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Divilbliss
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for some reason i can't post in the law enforcement/military category. oh well, here it is anyway under general. Saturday in the very early morning hours, we lost a fine deputy to a dui incident. i'm not an officer of any sort, just a civilian who appreciates my boys who look out for me. please keep this man's family in your prayers.

http://www.wdtv.com/wdtv.cfm?func=v...uty-Pronounced-Dead-After-Accident-on-I-79930
 

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It's always a sad loss.... My brothers in blue are always glad to hear that we are watched outfit by the few... Thank you!!

For the family and friends of the fallen, you are in my thoughts and prayers!!!
 

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sad indeed

From the pics it doesn't look like that hard of a crash, I guess when your times up, your times up.
 

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LEO / Military sub forum

for some reason i can't post in the law enforcement/military category. oh well, here it is anyway under general. Saturday in the very early morning hours, we lost a fine deputy to a dui incident. i'm not an officer of any sort, just a civilian who appreciates my boys who look out for me. please keep this man's family in your prayers.
Prayers to the deputy's family...

Access to the LEO / Military sub forum is granted by the admin, TXShooter, if you PM him and meet the requirements established...
 

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It is, indeed, a sad loss anytime we loose one of those who choose to wear a uniform, and take responsibility for the peace and safety of others, forsaking their own. And to be lost to a senseless and totally preventable incident is the worst possible thing.

In 2008 there was a bomb scare at a local gas station. Trooper Karah Kelly-Borgognone was responding to assist with traffic management at the scene. With lights and sirens, she was heading northbound at speeds exceeding 100 MPH on the mostly empty highway. It was almost midnight. At an intersection about three miles from the scene, she crossed an intersection under a red light. Heading westbound was an elderly gent driving a Jeep Grand Cherokee....when his light turned green, he accellerated into the intersection. And T-boned Trooper Kelly's cruiser square on the driver's door. The impact was devastating, and nearly disintegrated the cruiser, which was thrown and rolled into a traffic post, and wrapped around it. It took hours for rescue crews to extricate her body. She passed away before she could be removed from the wreckage. At 33, she was an NHP Trooper for only 2 short years, and left behind a husband and two daughters, 13 and 3 at the time. Clinically dead, her body was kept on forced life-support so that her organs could, even after her death, save others' lives. After the investigation was completed, the other driver was cleared of any wrongdoing, and himself suffered only superficial injuries. The burden, however, upon his conscience is a matter between him and his God.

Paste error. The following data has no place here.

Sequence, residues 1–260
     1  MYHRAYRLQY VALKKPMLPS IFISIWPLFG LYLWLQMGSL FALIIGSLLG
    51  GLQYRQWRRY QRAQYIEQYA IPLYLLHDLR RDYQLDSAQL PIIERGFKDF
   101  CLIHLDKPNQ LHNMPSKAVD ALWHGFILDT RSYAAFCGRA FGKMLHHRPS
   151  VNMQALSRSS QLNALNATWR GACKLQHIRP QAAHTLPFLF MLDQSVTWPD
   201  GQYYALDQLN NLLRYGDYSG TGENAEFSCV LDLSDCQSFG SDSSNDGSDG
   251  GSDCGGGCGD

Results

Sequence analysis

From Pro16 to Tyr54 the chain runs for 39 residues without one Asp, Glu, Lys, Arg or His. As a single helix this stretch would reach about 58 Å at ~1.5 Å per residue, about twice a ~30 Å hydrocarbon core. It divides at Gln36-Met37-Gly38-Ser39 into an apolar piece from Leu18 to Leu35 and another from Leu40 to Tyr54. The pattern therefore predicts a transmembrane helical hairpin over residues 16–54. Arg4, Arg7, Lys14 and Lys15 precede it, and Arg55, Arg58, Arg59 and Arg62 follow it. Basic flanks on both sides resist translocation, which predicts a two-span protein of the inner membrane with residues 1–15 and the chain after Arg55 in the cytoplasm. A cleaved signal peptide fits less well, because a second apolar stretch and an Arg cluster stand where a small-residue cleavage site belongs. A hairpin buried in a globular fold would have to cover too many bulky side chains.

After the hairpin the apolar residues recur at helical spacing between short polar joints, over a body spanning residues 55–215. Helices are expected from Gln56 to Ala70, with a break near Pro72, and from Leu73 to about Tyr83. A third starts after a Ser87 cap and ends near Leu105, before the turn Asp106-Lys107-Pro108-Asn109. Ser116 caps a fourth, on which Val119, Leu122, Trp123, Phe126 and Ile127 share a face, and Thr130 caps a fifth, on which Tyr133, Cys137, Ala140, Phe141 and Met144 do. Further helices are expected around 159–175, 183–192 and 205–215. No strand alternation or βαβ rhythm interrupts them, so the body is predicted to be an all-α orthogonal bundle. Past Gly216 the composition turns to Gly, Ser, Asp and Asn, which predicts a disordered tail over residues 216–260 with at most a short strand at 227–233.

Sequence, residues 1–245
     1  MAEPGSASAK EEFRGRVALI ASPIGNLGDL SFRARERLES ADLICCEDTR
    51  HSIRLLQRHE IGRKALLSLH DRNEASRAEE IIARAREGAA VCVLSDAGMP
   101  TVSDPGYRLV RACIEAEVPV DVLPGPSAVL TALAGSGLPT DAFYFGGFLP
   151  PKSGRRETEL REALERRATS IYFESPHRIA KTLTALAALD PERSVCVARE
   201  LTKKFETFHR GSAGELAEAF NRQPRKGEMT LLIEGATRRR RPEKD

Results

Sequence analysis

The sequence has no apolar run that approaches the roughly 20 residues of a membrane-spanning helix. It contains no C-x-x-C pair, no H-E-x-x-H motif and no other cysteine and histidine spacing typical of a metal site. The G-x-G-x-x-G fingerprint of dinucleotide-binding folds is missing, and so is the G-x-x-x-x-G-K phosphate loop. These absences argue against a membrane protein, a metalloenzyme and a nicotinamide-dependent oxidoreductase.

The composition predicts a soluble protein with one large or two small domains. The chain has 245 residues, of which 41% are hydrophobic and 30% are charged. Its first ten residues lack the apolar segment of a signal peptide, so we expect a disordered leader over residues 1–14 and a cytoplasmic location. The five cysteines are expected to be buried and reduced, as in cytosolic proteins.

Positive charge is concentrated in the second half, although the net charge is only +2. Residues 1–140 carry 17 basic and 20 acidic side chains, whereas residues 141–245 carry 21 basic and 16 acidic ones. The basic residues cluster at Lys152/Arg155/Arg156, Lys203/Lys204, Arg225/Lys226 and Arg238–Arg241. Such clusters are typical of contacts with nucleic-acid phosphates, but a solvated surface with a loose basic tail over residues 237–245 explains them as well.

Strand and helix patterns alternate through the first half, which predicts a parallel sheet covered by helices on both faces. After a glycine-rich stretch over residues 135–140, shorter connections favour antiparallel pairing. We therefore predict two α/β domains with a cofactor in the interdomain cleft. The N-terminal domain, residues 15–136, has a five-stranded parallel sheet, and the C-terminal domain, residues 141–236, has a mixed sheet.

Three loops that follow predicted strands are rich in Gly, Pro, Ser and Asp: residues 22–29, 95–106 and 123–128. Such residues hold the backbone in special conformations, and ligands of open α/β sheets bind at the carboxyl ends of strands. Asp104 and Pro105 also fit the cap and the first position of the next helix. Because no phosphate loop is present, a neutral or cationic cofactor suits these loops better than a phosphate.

Trooper KARA KELLY-BORGOGNONE
End of Watch: Feb. 26, 2008
 

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Yeah anytime a uniformed person ( military, police, fire) loses their live it affects the family and also the brotherhood that goes along with wearing the uniform. The best thing we can do is never forget them and to learn from it and not let their deaths go in vein. I watch the news and look at officer.com and firehouse.com and see the line of duty deaths each day or week and unless you live in the area it happened you usually don't hear about it or see it. I just wish our uniformed personnel would get recognized more than a "celebrity" who , well I will just stop there. It gets me angry. Wooo saa! Anyway I will hoop off of my soap box now. Good day everyone and God Bless.
 

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And then there are those that work in the shadows. What they do is never made known. What they sacrifice in order to do it is never made public. They wear no uniform, but their work is just as important as those that do. And when they die, their passing is little known and never acknowledged.

They never get the folded flag, presented "On behalf of a grateful Nation..."
 

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Happysniper1 said:
And then there are those that work in the shadows. What they do is never made known. What they sacrifice in order to do it is never made public. They wear no uniform, but their work is just as important as those that do. And when they die, their passing is little known and never acknowledged.

They never get the folded flag, presented "On behalf of a grateful Nation..."
You are absolutely correct. America forgets real quick and the media has a lot to do with it. Our security is tested everyday and the folks that work in the shadows do more than most Americans will ever know or see.
 

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My thoughts and prayers are with his family....
 
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